Criminal Cases

Joaquin has obtained not guilty verdicts for his clients at trial and he has obtained dismissals of charges brought against his clients prior to trial in many of his criminal law cases. Joaquin has also successfully negotiated lesser charges and reduced sentences for his clients in other cases. Below are just several examples of Joaquin’s notable criminal law cases:

People of the State of Colorado v. A.L., Denver County Court (2018-2019)

Joaquin successfully defended his client who was charged with multiple offenses, including but not limited to, assault with a deadly weapon (vehicle) and assault. Joaquin’s client was acquitted at trial by the jury of all charges.

People of the State of Colorado v. T.M. (2015)

Joaquin successfully defended his client at trial, who was charged with multiple offenses including assault, with a domestic violence component, by obtaining a not guilty jury verdict on all counts, resulting in the complete exoneration of the client.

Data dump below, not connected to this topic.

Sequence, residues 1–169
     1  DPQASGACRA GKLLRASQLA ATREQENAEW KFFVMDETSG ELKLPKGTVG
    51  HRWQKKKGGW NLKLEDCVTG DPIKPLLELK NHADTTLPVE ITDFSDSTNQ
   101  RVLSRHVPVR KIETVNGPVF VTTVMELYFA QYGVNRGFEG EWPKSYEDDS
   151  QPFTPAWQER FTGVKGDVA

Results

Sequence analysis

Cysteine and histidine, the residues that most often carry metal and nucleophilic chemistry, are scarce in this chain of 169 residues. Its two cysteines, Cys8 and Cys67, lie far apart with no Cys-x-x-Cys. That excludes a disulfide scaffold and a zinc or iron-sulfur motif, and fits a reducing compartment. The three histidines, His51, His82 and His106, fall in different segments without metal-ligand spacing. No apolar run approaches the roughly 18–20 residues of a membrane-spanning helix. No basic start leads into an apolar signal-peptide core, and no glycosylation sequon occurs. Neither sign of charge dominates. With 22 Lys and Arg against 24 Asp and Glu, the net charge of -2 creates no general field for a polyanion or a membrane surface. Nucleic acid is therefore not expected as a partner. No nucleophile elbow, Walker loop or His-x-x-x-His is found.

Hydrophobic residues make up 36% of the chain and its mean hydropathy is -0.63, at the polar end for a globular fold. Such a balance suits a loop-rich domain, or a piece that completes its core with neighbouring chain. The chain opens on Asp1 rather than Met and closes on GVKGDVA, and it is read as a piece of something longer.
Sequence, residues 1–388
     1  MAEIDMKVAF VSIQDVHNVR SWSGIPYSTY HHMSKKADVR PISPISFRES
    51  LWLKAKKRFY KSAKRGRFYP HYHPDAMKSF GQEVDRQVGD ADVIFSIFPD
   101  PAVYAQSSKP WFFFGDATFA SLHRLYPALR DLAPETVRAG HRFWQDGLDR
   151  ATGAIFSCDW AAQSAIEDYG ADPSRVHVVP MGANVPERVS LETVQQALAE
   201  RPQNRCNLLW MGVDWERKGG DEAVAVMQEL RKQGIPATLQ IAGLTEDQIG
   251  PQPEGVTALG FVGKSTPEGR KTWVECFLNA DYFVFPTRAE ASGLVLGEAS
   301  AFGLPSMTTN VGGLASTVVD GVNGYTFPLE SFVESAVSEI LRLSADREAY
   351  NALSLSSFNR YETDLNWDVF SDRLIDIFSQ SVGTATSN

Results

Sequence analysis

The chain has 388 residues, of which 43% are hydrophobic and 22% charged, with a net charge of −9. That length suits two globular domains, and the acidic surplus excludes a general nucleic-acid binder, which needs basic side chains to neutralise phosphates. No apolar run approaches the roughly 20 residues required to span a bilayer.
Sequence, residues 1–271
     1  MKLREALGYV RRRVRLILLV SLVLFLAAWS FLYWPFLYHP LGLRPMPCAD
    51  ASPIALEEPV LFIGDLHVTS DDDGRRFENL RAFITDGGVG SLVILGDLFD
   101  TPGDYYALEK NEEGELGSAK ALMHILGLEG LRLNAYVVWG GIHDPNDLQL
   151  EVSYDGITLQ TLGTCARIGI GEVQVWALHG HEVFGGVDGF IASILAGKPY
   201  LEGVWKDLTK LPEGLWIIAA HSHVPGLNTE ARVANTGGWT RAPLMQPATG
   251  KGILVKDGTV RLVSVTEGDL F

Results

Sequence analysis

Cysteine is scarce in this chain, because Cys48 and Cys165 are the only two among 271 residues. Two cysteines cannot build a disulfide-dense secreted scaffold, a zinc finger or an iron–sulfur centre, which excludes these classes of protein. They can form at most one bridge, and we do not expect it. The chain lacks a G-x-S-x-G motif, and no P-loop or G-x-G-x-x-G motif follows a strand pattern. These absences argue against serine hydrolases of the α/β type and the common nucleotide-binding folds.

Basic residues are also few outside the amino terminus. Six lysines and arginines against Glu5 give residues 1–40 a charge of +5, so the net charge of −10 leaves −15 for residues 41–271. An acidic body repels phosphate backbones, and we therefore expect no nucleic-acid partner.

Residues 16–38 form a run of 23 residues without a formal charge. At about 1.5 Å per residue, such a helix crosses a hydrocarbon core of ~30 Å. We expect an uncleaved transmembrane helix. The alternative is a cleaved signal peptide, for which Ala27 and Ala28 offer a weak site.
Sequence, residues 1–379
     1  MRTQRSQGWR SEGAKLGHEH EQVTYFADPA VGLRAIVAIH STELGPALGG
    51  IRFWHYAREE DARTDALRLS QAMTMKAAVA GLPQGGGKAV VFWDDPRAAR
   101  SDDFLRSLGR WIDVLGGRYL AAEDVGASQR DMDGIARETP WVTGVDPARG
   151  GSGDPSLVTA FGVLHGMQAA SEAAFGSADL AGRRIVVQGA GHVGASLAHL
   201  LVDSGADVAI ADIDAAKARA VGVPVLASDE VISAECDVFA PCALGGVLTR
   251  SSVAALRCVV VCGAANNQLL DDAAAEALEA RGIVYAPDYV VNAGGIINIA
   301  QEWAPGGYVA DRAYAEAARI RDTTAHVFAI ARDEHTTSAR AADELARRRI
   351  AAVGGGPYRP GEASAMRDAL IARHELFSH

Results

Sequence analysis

People of the State of Colorado v. Defendant, Arapahoe County District Court (2015-2016)

Joaquin was lead counsel in this complex criminal law case in which his client was charged with over twenty-one counts of sexual assault and attempted sexual assault and was facing a sentence of over 80 years in prison. Joaquin successfully represented his client in two lengthy trials over the course of two years, demonstrating his client’s innocence to the jury and obtaining not guilty jury verdicts on all counts, resulting in the complete vindication for his client.

People of the State of Colorado v. J.G., Denver District Court (2001)